I'm writing a debugger front end, and in that over the course of program execution a number of marks get added inside the source code. In other buffers such as a buffer showing execution history, or a buffer containing backtrace or callstack, I'd like to have in those buffers text information that click through to the source text.

Looking at http://www.gnu.org/software/emacs/manual/html_node/elisp/Clickable-Text.html , the process to add clickable text seems a bit cumbersome.

For example just to set a region of text to be clickable I need something like:

(setq link-start (point))
(insert (format "%s" (realgud-loc-marker loc)))
(setq link-end (point))
 link-start link-end
 '(mouse-face highlight
      help-echo "mouse-2: go to this location"))
(setq map (make-sparse-keymap))
(define-key map [mouse-2] 'realgud:follow-link)
(define-key map [mouse-1] 'realgud:follow-link)
(define-key map [follow-link] 'mouse-face)
(put-text-property link-start link-end 'keymap map)
(put-text-property link-start link-end 'loc loc)

And then I also need a definition to realgud:follow-link:

(defun realgud:follow-link(event)
  (interactive "e")
  (let* ((pos (posn-point (event-end event)))
     (loc (get-text-property pos 'loc)))
    (if (realgud-loc-p loc)
      (realgud-loc-goto loc))))

All of this seems a bit boilerplate and there's a lot of it. I could write my own routines, for this, but since this seems like a pretty basic think to do: link some text in a buffer to a mark somewhere else, I figure there must already be a package that simplifies the above. Is there?


Emacs provides buttons to abstract away these steps, I'd suggest looking at the Emacs sources for instances of make-button and insert-button.

  • 1
    Thanks! This nicely handles the first block of code, but what about the boilerplate for the event handler? The things I want to link are already markers, or buffers, or filenames. The pattern (defun name(event) (interactive "e") (let* ((pos (posn-point (event-end event))) (loc (get-text-property pos 'some-property))) (call-some-fn loc))) is also pretty much boilerplate. – rocky Jan 19 '15 at 16:13
  • 1
    (info "(elisp) Button Types") and maybe a macro should get you there. – politza Aug 22 '16 at 1:07

If your clickable text can be defined by a regular expression, the button-lock library combines buttons with font-lock, and can define clickable patterns in one step. Example:

(button-lock-set-button "http://google.com" 'browse-url-at-mouse)

  • wiki-nav seems close and maybe I'll turn the buffer into some sort of wiki buffer so I can use that kind of markup. But what is sad here, is that I already have emacs position marks which are down to the level of granularity of possibly a column position, and I'd have to turn that back into a file and line number. – rocky Jan 18 '15 at 17:24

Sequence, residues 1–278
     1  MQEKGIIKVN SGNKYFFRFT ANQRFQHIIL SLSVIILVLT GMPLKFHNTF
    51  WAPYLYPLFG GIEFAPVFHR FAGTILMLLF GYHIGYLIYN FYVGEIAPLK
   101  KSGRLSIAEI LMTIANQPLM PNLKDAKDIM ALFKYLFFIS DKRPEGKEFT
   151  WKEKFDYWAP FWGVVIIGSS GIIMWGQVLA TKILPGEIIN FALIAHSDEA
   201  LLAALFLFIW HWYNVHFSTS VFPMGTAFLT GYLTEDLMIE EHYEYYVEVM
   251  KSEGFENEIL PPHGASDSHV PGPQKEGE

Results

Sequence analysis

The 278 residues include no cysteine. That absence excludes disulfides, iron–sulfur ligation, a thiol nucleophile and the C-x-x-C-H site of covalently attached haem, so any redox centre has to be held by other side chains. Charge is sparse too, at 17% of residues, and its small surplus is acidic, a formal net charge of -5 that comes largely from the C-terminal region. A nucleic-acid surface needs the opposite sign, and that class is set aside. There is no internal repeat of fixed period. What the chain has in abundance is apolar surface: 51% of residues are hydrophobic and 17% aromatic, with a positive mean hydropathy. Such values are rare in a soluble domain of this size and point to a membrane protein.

Library linkd.el provides a very simple way to add clickable text to your files. From the source file Commentary:

Linkd-mode is a major mode that automatically recognizes and
processes certain S-expressions, called "links", embedded in plain
text files.  Links may be followed by invoking certain interactive
functions when point is on the link text.  Links may also be
interpreted as marking up the surrounding text.  Different types
of links have different behaviors when followed, and they may have
different interpretations as markup.

With Linkd mode, you can do the following:
* Embed hyperlinks to files, webpages, or documentation into
  any type of text file in any major mode.
* Delimit and name regions of text ("blocks") in these text files.
* Extract and send blocks to other programs for processing.
* Identify and mark locations and concepts in source code.
* Embed active data objects ("datablocks") into text files.
* Convert Lisp source-code listings to LaTeX for publication.
* Define new link behaviors.
  • Thanks for the suggesting and fixing my lousy grammar/spelling. Although linkd can be obtained via el-get, my concern with this is that it hasn't been updated since 2009 or Emacs 22 and a lot has happened since then. So I've gone with the button.el approach, although it is still only half (or maybe 2/3rds) of the problem – rocky Jan 19 '15 at 7:39
  • If your concern is that it might not work, or it might not work as well, with recent Emacs versions, then don't worry about that - it does. If your concern is that it does not use any features added to Emacs since 2009 then that's another story - no, it does not. It remains "a very simple way" to get the job done. See also Org mode, for a fancier, more complete way. – Drew Jan 19 '15 at 16:05

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